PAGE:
Clinical oncology embraces the non-surgical aspect of oncology. It covers both radiotherapy and cytotoxic chemotherapy. Clinical oncology is a major participant in any multi-disciplinary team, which would meet regularly to discuss site specific cases of tumors. Other members would be site specific surgeon, palliative care physician, radiologist, pathologist, specialist nursing staff and appropriate hematologists.

Personal qualities should include:

  • Excellent communication skills and a balanced personality often able to cope with tragic clinical circumstances.
  • Ability to make sound clinical judgments, especially under significant pressure.
  • Tact, diplomacy, ability to delegate, inform and listen.
  • A commitment to the specialty indicates very hard work and willingness to be a team member without necessarily always being the leader.

Iranian clinical oncologists are involved in all non-surgical aspects of oncology. In more than 16 centers in Tehran and 28 centers in other cities, they are involved in therapeutic administration of radiotherapy, target therapy, hormone therapy and cytotoxic chemotherapy for solid tumors, and by doing so, play a vital role in prevention and treatment of cancer in Iran.

Clinical oncology is a 4-year specialty program, for which candidates can take a specialty entrance examination only after finishing their 7-year medical school, including an 18-month Internship, and registration as a medical doctor (MD) by the Iranian Medical Council.

Each year, there is an intense competition among doctors to enter the specialty training program. The entrance examination consists of 200 multiple choice questions (MCQs), and candidates with higher marks have the priority to choose their favorite specialty program among several available options.

Residents –under the supervision of consultants- are in direct contact with the patients, and are responsi­ble for the management of admitted patients. They have daily chemotherapy and radiotherapy clinics, as well as regular evening and night shifts.

At the end of each year, residents who meet all department’s criteria are allowed to sit for the an­nual examination. The decision is made by con­sidering their clinical knowledge, capabilities and skills in managing patients, cooperation with colleagues and the group, and participation in educational activities.

This annual exam includes two parts: a written exam consisting of 150 MCQs, and an OSCE consisting of 8 stations in various fields of clinical oncology. At the end of the year, residents who fail to get the minimum required marks will have to repeat the whole year.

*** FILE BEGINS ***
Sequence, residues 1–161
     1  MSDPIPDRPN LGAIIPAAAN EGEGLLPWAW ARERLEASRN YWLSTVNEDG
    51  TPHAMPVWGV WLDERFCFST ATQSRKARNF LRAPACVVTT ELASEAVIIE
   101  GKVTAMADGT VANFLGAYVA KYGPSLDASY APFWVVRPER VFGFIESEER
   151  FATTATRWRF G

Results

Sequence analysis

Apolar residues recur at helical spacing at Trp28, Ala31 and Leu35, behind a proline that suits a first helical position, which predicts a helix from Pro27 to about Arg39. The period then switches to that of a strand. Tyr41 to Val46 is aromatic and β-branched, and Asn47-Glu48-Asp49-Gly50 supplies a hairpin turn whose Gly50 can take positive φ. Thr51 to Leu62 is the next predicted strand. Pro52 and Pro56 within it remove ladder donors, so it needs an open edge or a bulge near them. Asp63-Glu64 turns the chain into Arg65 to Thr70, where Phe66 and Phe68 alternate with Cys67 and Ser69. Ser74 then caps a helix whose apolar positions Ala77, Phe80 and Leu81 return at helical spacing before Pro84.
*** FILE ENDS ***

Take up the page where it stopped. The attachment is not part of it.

At the end of 4th year of training, residents must sit a final exam, which is similar to their annual exam. Residents who manage to pass the exam, will be eligible to sit the National Board Examination.

National Board Examination consists of two parts: 150 MCQs (part 1); and an objective structured clini­cal examination (part 2).

Only candidates who manage to pass part 1, do become eligible to sit for part 2 (OSCE).

Questions for the National Internal Board Exami­nation are designed and approved each year by a special board of experts which consists of profes­sors of clinical oncology. The exam is conducted by the Iranian Board of Clinical Oncology, Ministry of Health and Medical Education, and is held every year.

Part 1 consists of 150 multiple choice questions, and part 2 (OSCE) consists of 15 stations.

Each year, only about 30% of the candidates manage to pass the exam. Those who pass the board examination are given a certificate by the Minis­try of Health and Medical Education and are acknowledged as Board-Certified Clinical Oncologists, eligible to apply for subspecialty entrance examinations, and consultant positions. After their graduation, clinical oncologists are supposed to participate in continuing medical education programs and achieve specified annual scores to be allowed to continue their practice.

Reading list for National Board Examination

Core texts:

  • Medical Ethics (a 2-volume book in Persian)
  • DeVita, Hellman, and Rosenberg’s Cancer: Principles and Practice of Oncology. Lippincott Williams & Wilkins (latest edition)
  • Perez & Brady’s Principles and Practice of Radiation Oncology. Lippincott Williams & Wilkins (latest edition)
  • Radiobiology for the Radiologist by Eric J. Hall. Lippincott Williams & Wilkins (latest edition)
  • The Physics of Radiation Therapy by Faiz M. Khan. Lippincott Williams & Wilkins (latest edition)

Additional reading:

  • NCCN guidelines (latest version)
  • ESMO guidelines (latest version)
  • Journal of Clinical Oncology (JCO). Only phase III trials and systematic reviews of the last two years.
  • Annals of Oncology. Only phase III trials and systematic reviews of the last two years.
Pioneers of clinical oncology in Iran
Prof Seyed Hossein Mortazavi Prof Kamal ad-Din Dehshiri